Language Selection

English French German Italian Portuguese Spanish

Open Your Heart and Let the Linux In

Filed under
Ubuntu

Arrrgghh!!! There be pirates a’ swimmin’ in the ink here! But, seriously, how many of you have pirated something before, like games, operating systems, Office and DVDs? Aren’t you tired of even having to pay for those things in the first place? Then I have just what you need! Linux! “Linux,” you say? Yes, Linux!

“What is Linux,” you say? Linux is a Unix-based operating system that is developed and distributed by computer enthusiasts free of charge. Anyone with a PC can use Linux, and will not have to pay for the software ever, which is good news for those of us who do not like to pay for things.

One of the major complaints about Linux in the past has been its rather unfriendly user interface. In order to change anything, one had to go through a command line system entering commands that, quite frankly, were extremely difficult for even experienced users to do correctly. Oftentimes, I would find myself working on the PC running Linux trying to get things working with my windows laptop open next to it so I could look up exactly what the commands were in order to do, well, anything. Thankfully, those days are long gone with the recent releases of Linux distributions like Ubuntu.

Full Story.

More in Tux Machines

Server/Back End: Orange, Oracle, Docker

  • With OPNFV, Orange Plans a Full-Scale Rollout of Network Functions Virtualization
    Over the past few years, the entire networking industry has begun to transform as network demands rapidly increase. This is true for both the technology itself and the way in which carriers — like my employer Orange, as well as vendors and other service providers — adapt and evolve their approach to meeting these demands. As a result, we’re becoming more and more agile and adept in how we virtualize our evolving network and a shifting ecosystem.” keep up with growing demands and the need to virtualize.
  • Oracle joins the serverless fray with Fn
    With its open source Fn project, Oracle is looking to make a splash in serverless computing. Fn is a container native serverless platform that can be run on-premises or in the cloud. It requires the use of Docker containers. Fn developers will be able to write functions in Java initially, with Go, Ruby, Python, PHP, and Node.js support planned for later. Applications can be built and run without users having to provision, scale, or manage servers, by using the cloud.
  • DevOps, Docker, and Empathy
    Just because we’re using containers doesn’t mean that we “do DevOps.” Docker is not some kind of fairy dust that you can sprinkle around your code and applications to deploy faster. It is only a tool, albeit a very powerful one. And like every tool, it can be misused. Guess what happens when we misuse a power tool? Power fuck-ups. Let’s talk about it. I’m writing this because I have seen a few people expressing very deep frustrations about Docker, and I would like to extend a hand to show them that instead of being a giant pain in the neck, Docker can help them to work better, and (if that’s their goal) be an advantage rather than a burden in their journey (or their “digital transformation” if we want to speak fancy.)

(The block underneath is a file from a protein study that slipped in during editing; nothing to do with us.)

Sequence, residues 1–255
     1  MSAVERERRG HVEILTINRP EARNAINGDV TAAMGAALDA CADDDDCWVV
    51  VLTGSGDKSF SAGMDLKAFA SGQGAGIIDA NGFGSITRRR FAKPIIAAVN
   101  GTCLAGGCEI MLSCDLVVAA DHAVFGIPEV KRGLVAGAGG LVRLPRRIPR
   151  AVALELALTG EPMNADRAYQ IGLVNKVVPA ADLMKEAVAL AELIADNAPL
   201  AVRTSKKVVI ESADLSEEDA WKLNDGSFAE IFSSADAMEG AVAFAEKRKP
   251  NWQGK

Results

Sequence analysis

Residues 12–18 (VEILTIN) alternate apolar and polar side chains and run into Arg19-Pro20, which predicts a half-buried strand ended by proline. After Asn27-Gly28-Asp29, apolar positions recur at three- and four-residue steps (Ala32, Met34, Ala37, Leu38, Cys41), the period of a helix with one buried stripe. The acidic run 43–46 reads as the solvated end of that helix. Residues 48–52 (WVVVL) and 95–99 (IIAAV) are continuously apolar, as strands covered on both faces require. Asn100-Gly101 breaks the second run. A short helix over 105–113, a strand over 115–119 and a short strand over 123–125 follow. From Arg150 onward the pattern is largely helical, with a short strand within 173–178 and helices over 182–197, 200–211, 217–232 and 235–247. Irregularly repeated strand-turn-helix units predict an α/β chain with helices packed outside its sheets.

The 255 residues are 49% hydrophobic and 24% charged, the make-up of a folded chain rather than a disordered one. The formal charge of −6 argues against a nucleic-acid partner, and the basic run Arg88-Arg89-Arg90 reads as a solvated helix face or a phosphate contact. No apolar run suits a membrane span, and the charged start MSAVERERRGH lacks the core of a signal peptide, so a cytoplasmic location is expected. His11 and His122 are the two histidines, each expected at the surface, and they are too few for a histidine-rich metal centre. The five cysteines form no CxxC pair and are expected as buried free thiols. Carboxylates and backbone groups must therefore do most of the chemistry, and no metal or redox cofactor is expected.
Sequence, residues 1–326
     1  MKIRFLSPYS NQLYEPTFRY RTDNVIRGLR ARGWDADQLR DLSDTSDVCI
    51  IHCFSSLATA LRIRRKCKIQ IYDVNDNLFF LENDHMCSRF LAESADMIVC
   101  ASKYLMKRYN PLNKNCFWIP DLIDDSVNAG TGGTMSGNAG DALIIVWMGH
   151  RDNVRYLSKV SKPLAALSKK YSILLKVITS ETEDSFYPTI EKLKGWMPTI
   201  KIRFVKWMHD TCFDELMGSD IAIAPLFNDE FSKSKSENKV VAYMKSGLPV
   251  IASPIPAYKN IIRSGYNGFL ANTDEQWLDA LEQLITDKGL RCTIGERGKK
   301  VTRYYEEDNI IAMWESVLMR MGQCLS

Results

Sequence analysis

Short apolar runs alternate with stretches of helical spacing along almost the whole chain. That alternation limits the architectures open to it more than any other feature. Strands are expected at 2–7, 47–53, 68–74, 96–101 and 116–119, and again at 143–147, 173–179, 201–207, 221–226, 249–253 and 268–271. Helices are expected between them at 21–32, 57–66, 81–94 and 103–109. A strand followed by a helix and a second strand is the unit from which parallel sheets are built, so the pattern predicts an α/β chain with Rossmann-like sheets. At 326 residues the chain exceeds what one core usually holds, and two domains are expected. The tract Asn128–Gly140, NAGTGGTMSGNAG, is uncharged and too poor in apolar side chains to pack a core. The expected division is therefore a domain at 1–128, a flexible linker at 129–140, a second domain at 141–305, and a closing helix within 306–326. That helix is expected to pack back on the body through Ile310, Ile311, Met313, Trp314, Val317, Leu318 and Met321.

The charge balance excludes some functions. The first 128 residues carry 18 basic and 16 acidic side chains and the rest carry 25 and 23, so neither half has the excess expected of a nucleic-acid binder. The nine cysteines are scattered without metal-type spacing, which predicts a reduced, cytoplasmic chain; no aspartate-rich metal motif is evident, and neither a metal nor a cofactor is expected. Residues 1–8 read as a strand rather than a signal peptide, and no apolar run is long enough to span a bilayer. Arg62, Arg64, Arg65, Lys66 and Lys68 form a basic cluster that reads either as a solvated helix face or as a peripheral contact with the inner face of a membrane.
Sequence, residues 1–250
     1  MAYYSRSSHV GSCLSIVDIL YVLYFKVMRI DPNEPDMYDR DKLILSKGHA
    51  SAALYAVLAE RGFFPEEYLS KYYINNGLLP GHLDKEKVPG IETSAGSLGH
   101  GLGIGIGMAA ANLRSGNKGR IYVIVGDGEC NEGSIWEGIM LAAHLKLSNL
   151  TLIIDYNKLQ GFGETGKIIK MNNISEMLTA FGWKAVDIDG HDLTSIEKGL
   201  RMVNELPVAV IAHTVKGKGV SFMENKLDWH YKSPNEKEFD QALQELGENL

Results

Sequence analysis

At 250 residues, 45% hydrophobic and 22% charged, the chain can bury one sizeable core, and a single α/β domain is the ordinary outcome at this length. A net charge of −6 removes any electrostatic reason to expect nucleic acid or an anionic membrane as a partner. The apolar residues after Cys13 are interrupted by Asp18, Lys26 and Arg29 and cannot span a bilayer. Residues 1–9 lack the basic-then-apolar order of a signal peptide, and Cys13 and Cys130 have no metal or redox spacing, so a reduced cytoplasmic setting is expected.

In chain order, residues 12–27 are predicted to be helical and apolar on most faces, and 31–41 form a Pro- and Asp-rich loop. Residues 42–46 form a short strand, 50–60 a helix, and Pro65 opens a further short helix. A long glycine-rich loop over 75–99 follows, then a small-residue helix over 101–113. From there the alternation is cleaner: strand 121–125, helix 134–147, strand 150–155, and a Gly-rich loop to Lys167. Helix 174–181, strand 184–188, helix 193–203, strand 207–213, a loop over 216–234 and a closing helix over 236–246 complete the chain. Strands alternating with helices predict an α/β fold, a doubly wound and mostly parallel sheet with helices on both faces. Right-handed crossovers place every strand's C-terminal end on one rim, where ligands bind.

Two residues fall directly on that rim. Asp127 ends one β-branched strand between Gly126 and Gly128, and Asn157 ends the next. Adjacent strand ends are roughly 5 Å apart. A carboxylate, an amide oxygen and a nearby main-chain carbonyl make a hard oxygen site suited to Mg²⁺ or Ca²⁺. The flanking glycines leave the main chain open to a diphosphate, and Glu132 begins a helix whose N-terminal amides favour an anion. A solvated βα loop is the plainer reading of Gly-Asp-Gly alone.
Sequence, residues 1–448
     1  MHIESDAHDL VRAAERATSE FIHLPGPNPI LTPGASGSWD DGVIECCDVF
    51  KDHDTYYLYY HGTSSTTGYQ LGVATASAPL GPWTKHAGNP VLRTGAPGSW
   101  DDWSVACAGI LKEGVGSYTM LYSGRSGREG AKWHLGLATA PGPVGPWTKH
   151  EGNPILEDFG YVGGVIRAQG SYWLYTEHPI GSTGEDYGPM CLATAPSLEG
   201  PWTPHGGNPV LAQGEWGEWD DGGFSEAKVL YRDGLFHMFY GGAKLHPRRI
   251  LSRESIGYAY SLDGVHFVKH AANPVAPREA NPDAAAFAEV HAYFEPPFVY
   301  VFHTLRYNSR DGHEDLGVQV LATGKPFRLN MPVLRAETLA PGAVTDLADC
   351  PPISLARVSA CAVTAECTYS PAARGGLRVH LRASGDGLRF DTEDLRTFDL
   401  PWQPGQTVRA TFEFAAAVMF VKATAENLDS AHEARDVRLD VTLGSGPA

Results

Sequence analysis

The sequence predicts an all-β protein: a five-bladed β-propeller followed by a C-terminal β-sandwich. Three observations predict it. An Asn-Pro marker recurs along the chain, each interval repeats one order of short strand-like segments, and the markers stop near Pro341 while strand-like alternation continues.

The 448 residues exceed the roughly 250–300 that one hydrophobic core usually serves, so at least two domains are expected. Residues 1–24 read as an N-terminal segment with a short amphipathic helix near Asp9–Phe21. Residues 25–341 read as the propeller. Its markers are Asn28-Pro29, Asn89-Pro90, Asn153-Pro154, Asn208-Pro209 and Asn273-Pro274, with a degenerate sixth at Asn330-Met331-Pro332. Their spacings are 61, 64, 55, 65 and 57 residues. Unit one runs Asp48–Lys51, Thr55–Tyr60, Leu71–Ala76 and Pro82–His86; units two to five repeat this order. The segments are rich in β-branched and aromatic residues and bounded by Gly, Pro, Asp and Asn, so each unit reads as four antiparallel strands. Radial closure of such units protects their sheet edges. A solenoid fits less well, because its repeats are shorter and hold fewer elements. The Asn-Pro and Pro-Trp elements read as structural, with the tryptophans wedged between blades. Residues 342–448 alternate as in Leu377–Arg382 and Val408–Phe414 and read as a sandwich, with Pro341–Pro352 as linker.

BlackArch Linux Ethical Hacking OS Gets Linux Kernel 4.14.4, Updated Installer

Coming hot on the BlackArch Linux 2017.11.24 ISO snapshot released two weeks ago with more than 50 new hacking tools, the BlackArch Linux 2017.12.11 ISO images are now available to download incorporating the latest version of the BlackArch Installer utility, which fixes a few critical bugs. The bugs were related to a login loop and the supported window managers, and they are now fixed in BlackArch Installer 0.6.2, which is included in the BlackArch Linux 2017.11.24 ISO snapshot. Also included is the Linux 4.14.4 kernel and many of the latest system updates and security patches released upstream. Read more

System76 Enables HiDPI Support on All of Their Linux Laptops and Desktops

We reported last week on the upcoming support for HiDPI displays coming to System76's for its Ubuntu-based Pop!_OS Linux distro, and it didn't take long for them to release the new daemon that would enable HiDPI support on all of its laptops and desktops where Ubuntu or Pop!_OS Linux is installed. HiDPI support was becoming an urgent necessity for System76 as more and more customers started asking for assistance in setting up their displays. And while the Wayland display server isn't yet mature enough to be adopted by all GPU vendors and completely replace X.Org, there was a need for a compromise. Read more

Mint 18.3: The best Linux desktop takes big steps forward

I run many operating systems every day, from macOS, to Windows 7 and 10, to more Linux desktop distributions than you can shake a stick at. And, once more, as a power-user's power user, I've found the latest version of Linux Mint to be the best of the best. Why? Let's start with the basics. MacOS has been shown to have the worst bug I've ever seen in an operating system: The macOS High Sierra security hole that lets anyone get full administrative control. Windows, old and new, continues to have multiple security bugs every lousy month. Linux? Sure, it has security problems. How many of these bugs have had serious desktop impacts? Let me see now. None. Yes, that would be zero. Read more